As evident by the concept these jars are used quite frequently so I didn't want any bold details on them to avoid blatant repetition. Additive, more unique details may be introduced later and peppered in to break monotony where necessary. I only made a single candle and tweaked it to get three variants without looking like I'm warping the UVs too much.

Workflow:

- Create low-poly base mesh in 3dsMax and unwrap UVs.

- Create mid-poly from low-poly with support loops blocking in secondary shapes.

- Bring mid-poly into ZBrush for detail pass which results in high-poly.

- Bake high to low using Marmoset Toolbag 3.

- Bring baked maps into Substance Painter and export results as diffuse, normal, and RMA maps.

- Apply textures to low-poly mesh in Toolbag and arrange as needed for scene.

More updates coming "soon". I welcome any thoughts or critiques whether you're an experienced seller or new to art. Thanks for reading and don't forget to chew your food thoroughly.

Forever Yours,

Alexander Alza

The Making of Jezero

General / 15 August 2018

I recently wrapped up work on a personal project I titled, Jezero. If you don't care about the behind-the-scene stuff and just want the visuals check out my official post here: https://www.artstation.com/artwork/d1vee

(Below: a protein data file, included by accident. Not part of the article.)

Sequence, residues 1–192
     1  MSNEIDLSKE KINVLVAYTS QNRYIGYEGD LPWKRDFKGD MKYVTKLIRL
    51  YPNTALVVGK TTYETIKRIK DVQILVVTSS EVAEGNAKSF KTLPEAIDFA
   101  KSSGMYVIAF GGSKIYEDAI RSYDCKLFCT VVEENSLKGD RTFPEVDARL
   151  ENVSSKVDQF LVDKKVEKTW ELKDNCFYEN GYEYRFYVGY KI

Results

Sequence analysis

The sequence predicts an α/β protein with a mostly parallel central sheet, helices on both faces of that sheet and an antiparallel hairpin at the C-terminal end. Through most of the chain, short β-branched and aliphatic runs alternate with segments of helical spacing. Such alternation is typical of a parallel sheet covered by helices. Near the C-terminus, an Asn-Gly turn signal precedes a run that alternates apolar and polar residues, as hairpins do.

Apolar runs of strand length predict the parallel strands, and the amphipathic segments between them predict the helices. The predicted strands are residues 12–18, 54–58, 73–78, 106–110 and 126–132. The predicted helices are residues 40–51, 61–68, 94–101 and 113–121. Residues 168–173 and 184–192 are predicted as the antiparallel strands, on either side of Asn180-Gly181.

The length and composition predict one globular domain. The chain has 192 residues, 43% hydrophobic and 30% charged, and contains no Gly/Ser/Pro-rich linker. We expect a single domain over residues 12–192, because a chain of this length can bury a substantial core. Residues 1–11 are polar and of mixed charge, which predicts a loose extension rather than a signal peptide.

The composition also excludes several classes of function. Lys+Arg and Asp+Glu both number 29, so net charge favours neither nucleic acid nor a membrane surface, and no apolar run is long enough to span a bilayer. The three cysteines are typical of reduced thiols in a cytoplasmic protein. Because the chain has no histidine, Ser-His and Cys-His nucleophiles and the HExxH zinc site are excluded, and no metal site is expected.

This small scene was a fun way to test myself using primarily only Quixel Megascan textures and Marmoset Toolbag 3.04 to render.

I've always been fascinated with space exploration. Mars-related discoveries have been in the news as of late and I stumbled on the concept image below:

As with most of my personal work, concepts are a good starting point but I tend to iterate, stare at the image forever, think of a deeper purpose to the scene, until ideas pop into my head and suddenly a minimalistic, clean concept turns into something a bit more detailed and hopefully provocative.

My goal at the start was to keep this scene quite small and have my final output be on a square aspect ratio. However as interesting details kept popping up I felt like the square ratio was forcing me to shoehorn in certain details that may best be left to the peripheral edges of the composition, translation: I needed more horizontal room to let the image breathe.

Modeling this scene was quite liberating as I was mostly just using my imagination to create interesting shapes to compliment the core composition - that being the circular window with the mother and child near vanishing point. Other than a couple of items like the stroller and portable generator/pump looking machine I didn't really seek out reference. I absolutely used and abused Marius Silaghi's Quad Chamfer Modifier in 3dsMax to achieve smooth results on my hard surface corners. I used Zbrush to clean up some geo and stamp some details and I used Marvelous Designer for literally one single mesh.